What was somewhat aggravating about it was not necessarily the points he was trying to make, but rather the way he was saying it. He was challenging the established idea of combining sexual and emotional relationships. It wasn't an attack on monogamy per se, but he was advocating for an alternative to the typical monogamist relationship. Tayyib, that's fine. But what I was not OK with was the inherent sexism that seemed to surface during the interview. The author even mentioned it, but it was then blamed on culture for reinforcing gender norms and stereotypes as opposed to individual actors making independent and critically-thought out decisions (e.g., according to the males in his sample, it's OK for men to cheat but not women, and it's society's fault alone that this double-standard exists).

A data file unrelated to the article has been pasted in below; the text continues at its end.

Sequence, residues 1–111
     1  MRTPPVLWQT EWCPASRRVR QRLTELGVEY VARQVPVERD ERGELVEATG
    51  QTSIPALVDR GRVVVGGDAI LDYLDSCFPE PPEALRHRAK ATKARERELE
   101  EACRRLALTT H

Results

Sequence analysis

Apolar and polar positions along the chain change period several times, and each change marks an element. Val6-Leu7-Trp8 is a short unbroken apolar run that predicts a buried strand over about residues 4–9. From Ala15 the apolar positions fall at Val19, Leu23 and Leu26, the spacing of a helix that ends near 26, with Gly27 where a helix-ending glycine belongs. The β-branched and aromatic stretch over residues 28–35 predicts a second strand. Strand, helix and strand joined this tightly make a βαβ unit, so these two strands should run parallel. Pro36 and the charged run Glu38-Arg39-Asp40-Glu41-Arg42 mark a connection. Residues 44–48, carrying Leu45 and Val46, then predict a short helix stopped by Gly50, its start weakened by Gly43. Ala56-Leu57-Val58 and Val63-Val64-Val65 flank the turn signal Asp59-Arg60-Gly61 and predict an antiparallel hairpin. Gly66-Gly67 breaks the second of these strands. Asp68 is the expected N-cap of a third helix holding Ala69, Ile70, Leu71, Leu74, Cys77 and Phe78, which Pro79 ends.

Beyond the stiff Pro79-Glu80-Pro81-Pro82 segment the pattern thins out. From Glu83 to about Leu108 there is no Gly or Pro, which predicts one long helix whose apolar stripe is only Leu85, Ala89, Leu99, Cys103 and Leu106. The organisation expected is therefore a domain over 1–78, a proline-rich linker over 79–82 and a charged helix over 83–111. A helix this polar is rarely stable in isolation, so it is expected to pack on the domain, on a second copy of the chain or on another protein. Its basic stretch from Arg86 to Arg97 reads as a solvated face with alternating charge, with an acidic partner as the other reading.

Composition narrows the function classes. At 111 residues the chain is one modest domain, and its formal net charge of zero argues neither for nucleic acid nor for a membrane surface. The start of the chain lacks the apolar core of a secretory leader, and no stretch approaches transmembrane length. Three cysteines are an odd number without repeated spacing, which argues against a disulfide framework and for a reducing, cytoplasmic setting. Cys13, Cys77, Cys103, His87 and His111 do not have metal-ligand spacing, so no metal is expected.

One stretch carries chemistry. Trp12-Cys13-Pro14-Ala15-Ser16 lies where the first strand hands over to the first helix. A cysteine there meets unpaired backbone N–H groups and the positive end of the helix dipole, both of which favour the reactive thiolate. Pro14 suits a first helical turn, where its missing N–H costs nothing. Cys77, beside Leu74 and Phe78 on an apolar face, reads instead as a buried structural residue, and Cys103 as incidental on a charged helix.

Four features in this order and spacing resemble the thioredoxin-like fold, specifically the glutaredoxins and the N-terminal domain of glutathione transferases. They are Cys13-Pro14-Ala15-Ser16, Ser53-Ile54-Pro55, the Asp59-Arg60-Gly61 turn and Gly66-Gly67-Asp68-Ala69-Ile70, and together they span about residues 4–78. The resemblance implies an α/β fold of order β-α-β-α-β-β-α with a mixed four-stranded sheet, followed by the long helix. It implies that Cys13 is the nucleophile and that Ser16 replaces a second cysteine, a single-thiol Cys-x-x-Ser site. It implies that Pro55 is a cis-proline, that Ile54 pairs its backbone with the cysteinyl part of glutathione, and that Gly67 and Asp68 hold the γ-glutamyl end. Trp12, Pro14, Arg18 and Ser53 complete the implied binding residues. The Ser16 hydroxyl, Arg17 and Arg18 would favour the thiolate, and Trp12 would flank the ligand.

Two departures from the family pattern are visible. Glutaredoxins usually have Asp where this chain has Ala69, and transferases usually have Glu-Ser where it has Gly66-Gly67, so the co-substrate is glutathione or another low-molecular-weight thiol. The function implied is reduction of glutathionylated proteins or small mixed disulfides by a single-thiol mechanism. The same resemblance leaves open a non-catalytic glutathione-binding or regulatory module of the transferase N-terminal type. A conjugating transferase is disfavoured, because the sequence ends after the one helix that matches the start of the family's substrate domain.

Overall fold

Monogamy as a whole is (largely) a social construction (though there may be a biological or ecological link, particularly since some think monogamy is one of the leading factors of humanity's boost in the process of evolution), and Western constructions of monogamy often differ from other non-Western mating traditions (for instance, just check out American anthropologist Laura Bohannan's account of Shakespeare in the Bush with tribes-people from West Africa). Moreover, much has been written on monogamy from a scientific and social scientific perspective. For instance, Fisher (1994) wrote an extensive book looking into the (evolutionary) past to explain monogamy, divorce, and adultery, yet mainly concludes that serial monogamy mixed with adultery (but not additional marriage) seems to be the norm, at least in the Western world (mind you, at least 0.5% of the world population can attribute their ancestry to Genghis Khan alone). Others such as Reichard and Boesch (Eds.) (2003) and Wickler and Seibt (1983) provide great overviews of monogamy rooted in biology and in society, respectively, which, of course, makes sense because being single is hard. If the added value vs. cost of pairing up were lower, we wouldn't have evolved, both biologically as well as socio-culturally, to favor it so strongly. In other words, the grass is always greener, but when it comes to the benefits of being in a loving relationship, the science speaks loud and clear (especially if you're male).